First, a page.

The Bin2 peptides and proteins of the invention may also be modified by other techniques, such as by denaturation with heat and/or SDS. Alternatively, the peptides and proteins of the invention may be modified to provide an additional N- or C-terminal amino acid sequence suitable for biotinylation, e.g., cysteine or lysine.

B. Fragments/Deletion Mutants

Further encompassed by this invention are additional fragments of the Bin2 peptide or of the other proteins identified herein. Such fragments are desirably characterized by having a biological activity similar to that displayed by the complete protein, including, e.g., the ability to bind and complex with Bin1. These fragments may be designed or obtained in any desired length, including as small as about 5 to about 8 amino acids in length, about 14 or 15 amino acids in length, about 19 to 20 amino acids in length, or longer. Such a fragment represents less than the full-length Bin2 protein and may represent as little as a single epitope of the protein.

For example, one particularly desirable fragment of the invention is the BAR domain (amino acid 1 to 221 or amino acid 1 to 249 of SEQ ID NO:2), which contains dimerization signals. Optionally, one of skill in the art may utilize fragments with the BAR domain, which fragments are unique to BIN2, yet exhibit the desired biological function. Suitably, fragments of the BAR domain are composed of at least 14 amino acids in length with respect to any fragment which encompasses all of amino acids 1 to 13 or which encompasses all of amino acids 23 to 35 or amino acids 23 to 45 of SEQ ID NO:2. Another desirable fragment encompasses the putative BAR effector region (amino acid 138 to 155 of SEQ ID NO:2), which is implicated in Bin1 in tumor suppressor and programmed cell death signaling. Still other desirable fragments include fragments of about 8 or more amino acids from amino acids 250 to 564 of SEQ ID NO: 2, the C terminal region unrelated to other BAR family proteins. Suitably, any fragments of Bin2 containing these latter regions are at least 19 amino acids in length.

In yet another example, a Bin2 fragment may be a T cell epitope. Such a T cell epitope may be readily identified using available computer modeling programs.

Optionally, the peptides of the invention may be modified to create deletion mutants, for example, by truncation at the amino or carboxy termini, or by elimination of one or more amino acids. Still other modified fragments of Bin2 may be prepared by any number of now conventional techniques to improve production thereof, to enhance protein stability or other characteristics, e.g. binding activity or bioavailability, or to confer some other desired property upon the protein. Other useful fragments of these polypeptides may be readily prepared by one of skill in the art using known techniques, such as deletion mutagenesis and expression.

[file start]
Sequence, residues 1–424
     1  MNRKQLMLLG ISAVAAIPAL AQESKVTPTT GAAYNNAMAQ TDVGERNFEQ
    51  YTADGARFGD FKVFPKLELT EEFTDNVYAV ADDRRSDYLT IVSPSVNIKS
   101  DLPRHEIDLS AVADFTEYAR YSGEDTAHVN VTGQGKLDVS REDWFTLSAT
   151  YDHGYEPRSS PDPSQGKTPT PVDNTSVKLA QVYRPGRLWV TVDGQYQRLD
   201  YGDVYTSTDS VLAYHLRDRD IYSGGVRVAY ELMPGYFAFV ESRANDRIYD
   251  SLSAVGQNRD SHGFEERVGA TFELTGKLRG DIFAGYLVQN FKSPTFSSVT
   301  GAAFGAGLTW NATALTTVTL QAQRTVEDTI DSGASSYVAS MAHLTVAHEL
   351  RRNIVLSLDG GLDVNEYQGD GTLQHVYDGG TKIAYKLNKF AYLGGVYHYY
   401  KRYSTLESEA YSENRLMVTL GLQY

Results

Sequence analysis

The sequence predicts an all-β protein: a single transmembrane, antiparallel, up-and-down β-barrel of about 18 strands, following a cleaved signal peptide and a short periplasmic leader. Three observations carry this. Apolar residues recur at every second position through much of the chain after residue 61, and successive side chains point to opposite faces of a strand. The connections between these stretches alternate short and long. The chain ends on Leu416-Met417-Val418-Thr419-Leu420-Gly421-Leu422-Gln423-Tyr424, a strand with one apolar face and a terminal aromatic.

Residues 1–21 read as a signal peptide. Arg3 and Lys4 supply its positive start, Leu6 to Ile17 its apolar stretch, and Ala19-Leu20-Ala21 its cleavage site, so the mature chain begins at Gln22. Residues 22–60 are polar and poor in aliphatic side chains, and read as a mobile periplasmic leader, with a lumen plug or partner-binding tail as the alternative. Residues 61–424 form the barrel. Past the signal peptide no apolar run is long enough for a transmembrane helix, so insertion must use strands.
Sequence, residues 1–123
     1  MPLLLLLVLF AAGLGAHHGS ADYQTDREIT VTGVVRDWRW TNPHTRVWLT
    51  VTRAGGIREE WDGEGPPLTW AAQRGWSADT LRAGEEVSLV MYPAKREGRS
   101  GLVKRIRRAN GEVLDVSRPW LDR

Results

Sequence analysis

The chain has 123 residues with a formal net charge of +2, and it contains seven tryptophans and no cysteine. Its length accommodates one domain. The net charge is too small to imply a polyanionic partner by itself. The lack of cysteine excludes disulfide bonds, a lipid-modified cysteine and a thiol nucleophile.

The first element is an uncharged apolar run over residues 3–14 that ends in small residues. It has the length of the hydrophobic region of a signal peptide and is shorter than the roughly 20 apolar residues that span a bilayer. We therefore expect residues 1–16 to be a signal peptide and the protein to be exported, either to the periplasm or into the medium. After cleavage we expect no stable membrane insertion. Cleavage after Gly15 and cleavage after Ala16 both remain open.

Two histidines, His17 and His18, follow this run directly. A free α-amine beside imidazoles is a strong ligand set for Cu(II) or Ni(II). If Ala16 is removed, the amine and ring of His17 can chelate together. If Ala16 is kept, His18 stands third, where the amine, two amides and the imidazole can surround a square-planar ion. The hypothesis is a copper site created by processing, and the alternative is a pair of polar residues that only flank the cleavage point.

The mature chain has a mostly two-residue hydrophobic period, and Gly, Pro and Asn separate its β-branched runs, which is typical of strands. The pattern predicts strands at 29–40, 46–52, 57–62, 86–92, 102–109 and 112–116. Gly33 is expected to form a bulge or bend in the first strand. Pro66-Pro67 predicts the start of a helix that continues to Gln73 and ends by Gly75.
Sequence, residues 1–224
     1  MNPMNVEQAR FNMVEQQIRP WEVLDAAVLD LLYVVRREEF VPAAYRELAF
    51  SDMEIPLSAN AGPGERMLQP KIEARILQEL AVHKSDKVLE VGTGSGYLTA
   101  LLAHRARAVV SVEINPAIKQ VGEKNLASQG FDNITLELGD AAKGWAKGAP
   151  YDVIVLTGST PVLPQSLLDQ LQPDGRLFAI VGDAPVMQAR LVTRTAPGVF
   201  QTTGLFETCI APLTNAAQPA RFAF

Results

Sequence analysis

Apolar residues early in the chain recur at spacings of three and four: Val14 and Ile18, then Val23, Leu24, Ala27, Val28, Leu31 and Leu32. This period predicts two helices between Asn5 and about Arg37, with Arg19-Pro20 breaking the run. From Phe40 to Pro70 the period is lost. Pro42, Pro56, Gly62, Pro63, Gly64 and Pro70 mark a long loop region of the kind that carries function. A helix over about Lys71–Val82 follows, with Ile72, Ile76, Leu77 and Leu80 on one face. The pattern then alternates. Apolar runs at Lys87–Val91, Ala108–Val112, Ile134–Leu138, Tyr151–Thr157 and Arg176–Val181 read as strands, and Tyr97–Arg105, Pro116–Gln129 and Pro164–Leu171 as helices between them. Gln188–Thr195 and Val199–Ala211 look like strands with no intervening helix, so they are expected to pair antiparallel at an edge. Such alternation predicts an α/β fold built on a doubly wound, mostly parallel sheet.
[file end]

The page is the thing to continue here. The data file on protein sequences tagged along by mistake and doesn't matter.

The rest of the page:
C. Fusion or Multimeric Proteins and Compositions

The Bin2 peptides and proteins of the present invention, or fragments of them, may also be constructed, using conventional genetic engineering techniques as part of a larger and/or multimeric protein or protein composition.

For example, such a fusion protein may be desirable in order to improve yield on expression and/or purification. Suitable fusion partners for such a purpose are well known to those of skill in the art and include, e.g., glutathione-S-transferase and maltose binding protein. Alternatively, a fusion protein of the invention may be composed of a Bin2 fragment, such as a fragment corresponding to a T cell epitope or to the Bin1 binding region, which is fused to an active agent.

The active agent may be composed of other Bin2 peptides and proteins of this invention, or may be other proteinaceous materials or nucleic acid molecule. For example, it may be desirable to fuse a Bin2 peptide or protein of the invention with a proteinaceous molecule which facilitates its cell penetration, e.g., Drosophila antennapedia, HIV Rev peptides, which are known to those of skill in the art. Alternatively, it may be desirable to fuse a Bin2 peptide or protein of the invention to a molecule which is to be targeted to a particular cell type and/or to Bin1. Particularly suitable are toxins and anti-cancer agents, any of which are known to those of skill in the art. However, suitable examples include, without limitation, tetanus toxoid, cholera toxoid, PPD (purified protein derivative of tuberculin), and molecular toxins such as imidazole protein cross-linkers or other conjugates (which would kill a bound Bin1 molecule). These proteins are effective in the prevention, treatment and diagnosis of cancers associated with inappropriate levels of functional Bin2 and/or inappropriate Bin1 function.

The fusion proteins of the invention are constructed for use in the methods and compositions of this invention. These fusion proteins may be produced recombinantly, or may be synthesized chemically.